If there was any error in the address, not to mention any mistake in the posting up, or if any item appeared which seemed unusual or excessive, the son received a sharp admonition, warning him that inaccuracy or extravagance were absolutely unpardonable in a man of business.

    This kept Christian Frederik in constant dread of his father, and sometimes he felt much hurt; but he would have been consoled had he known with what satisfaction the Consul examined these well-kept accounts, and with what care they were filed and laid aside in a certain drawer.

    Christian Frederik, however, was the only person whom the Consul admitted to his confidence, and in the copious letters which he wrote to him at least once a month, he kept him informed upon business matters. Latterly, too, he had sometimes asked him his opinion upon one thing or another. The Consul was much interested, and to some degree disturbed, by the development of the town during the last two years. Moneyed strangers, who bought and cured herrings on their own account, shipping them off by thousands of barrels in the spring season, began to appear.

    Large fortunes were made by the Haugians and others, who interlarded their business letters with Scripture phrases, and who had not the least idea of book-keeping.

    The town was alive with stir and business, mixed up with religion, to the unceasing astonishment of the old merchant. Money, too, was abundant among these new folks.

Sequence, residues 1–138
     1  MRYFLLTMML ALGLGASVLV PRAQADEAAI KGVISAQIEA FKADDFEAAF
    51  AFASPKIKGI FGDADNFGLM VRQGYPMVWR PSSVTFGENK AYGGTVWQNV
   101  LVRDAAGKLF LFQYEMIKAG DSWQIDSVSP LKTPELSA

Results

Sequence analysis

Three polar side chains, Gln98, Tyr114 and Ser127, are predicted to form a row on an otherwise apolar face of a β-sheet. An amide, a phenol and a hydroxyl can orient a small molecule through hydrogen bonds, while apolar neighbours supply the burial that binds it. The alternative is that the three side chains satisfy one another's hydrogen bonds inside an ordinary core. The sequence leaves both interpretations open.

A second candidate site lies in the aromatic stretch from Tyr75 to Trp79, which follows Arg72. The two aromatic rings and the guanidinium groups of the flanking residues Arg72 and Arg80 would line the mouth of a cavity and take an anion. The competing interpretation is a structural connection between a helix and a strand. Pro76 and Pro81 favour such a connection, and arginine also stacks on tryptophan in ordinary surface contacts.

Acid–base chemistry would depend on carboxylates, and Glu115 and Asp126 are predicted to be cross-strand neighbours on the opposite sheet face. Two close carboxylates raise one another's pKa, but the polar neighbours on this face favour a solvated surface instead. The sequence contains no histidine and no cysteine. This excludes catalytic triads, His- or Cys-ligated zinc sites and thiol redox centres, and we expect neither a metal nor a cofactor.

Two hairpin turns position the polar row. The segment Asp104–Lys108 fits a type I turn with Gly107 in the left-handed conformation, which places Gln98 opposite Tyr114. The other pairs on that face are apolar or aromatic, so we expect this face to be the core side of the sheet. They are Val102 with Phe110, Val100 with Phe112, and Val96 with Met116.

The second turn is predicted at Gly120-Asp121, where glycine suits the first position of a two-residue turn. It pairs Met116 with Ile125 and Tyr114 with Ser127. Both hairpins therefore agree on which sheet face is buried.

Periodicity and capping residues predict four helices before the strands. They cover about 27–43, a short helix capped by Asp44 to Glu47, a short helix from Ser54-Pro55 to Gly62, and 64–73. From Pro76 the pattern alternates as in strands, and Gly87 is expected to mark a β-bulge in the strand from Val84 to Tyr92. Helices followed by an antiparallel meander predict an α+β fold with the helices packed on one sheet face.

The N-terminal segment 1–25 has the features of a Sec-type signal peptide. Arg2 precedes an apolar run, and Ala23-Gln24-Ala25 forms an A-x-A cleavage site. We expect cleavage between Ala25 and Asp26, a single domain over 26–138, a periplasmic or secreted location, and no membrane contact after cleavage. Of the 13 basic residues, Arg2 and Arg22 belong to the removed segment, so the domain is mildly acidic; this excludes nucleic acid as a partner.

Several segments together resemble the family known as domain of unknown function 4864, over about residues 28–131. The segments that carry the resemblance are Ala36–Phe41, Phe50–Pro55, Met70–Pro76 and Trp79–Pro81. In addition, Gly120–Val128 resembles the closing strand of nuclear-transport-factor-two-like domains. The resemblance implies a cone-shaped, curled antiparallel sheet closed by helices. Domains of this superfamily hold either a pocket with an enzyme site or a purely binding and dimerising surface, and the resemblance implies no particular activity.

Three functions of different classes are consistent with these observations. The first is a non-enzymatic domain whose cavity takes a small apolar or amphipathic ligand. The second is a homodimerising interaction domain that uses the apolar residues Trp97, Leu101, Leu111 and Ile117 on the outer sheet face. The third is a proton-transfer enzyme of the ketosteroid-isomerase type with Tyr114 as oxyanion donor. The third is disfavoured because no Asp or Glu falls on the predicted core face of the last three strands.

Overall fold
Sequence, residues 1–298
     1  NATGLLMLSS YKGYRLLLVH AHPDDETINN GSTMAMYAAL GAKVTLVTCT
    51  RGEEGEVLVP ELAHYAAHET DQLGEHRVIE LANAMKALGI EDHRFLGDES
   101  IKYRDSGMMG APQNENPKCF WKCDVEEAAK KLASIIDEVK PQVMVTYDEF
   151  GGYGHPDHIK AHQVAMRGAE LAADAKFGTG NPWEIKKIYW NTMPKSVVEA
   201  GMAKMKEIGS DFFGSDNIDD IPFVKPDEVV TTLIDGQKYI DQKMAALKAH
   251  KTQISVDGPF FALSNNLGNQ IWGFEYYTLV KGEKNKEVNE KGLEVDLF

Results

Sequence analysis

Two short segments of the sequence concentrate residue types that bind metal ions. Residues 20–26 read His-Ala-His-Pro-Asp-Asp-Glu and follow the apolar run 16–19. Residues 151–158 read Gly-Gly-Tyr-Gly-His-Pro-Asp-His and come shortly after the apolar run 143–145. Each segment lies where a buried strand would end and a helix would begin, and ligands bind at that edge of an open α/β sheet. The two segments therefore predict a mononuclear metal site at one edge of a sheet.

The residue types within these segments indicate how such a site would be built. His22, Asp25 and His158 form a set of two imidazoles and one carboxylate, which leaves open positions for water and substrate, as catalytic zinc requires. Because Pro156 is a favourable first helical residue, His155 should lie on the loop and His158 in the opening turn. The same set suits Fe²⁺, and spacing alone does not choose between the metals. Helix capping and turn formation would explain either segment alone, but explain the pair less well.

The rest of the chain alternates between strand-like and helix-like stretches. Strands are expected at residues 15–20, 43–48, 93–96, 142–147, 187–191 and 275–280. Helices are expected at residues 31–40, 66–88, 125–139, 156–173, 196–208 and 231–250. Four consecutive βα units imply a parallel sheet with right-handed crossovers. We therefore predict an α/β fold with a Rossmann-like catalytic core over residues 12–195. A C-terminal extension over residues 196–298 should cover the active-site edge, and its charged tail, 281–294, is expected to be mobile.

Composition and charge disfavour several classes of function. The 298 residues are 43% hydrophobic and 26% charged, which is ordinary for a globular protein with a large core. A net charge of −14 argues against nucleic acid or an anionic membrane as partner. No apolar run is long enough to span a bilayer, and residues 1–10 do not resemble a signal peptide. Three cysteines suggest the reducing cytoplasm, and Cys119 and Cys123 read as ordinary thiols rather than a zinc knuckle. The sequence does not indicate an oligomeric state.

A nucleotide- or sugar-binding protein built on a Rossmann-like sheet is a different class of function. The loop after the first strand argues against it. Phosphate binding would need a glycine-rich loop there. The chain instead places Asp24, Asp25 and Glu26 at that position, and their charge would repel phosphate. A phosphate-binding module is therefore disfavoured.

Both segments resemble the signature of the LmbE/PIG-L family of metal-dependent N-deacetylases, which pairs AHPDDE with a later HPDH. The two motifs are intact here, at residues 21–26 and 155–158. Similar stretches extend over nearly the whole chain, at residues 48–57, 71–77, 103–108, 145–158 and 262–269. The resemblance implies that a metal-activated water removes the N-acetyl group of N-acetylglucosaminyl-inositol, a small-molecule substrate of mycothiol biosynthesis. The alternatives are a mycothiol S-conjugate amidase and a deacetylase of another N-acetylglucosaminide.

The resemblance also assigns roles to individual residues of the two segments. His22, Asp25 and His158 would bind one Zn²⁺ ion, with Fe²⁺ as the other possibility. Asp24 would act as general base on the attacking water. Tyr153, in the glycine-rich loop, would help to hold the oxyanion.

At this period the anxieties of the Consul were revived, but he kept them to himself. On no account should Christian Frederik know what difficulties he often had to encounter.

    The Hope lay safely moored, with her ensign at the peak, and flying the distinguished flag of the firm. Whilst the crew went on shore, a constant stream of visitors came on board, both from Sandsgaard and from the town.

    The captain’s white gig having been manned, he seated himself in the stern sheets, a large flag trailing in the water behind him. Lauritz Seehus, creeping in behind him, took the yoke lines, so that everything should be done man-of-war fashion. The six men pulled with a long stroke, their oars dipping along the surface of the sea as they feathered them.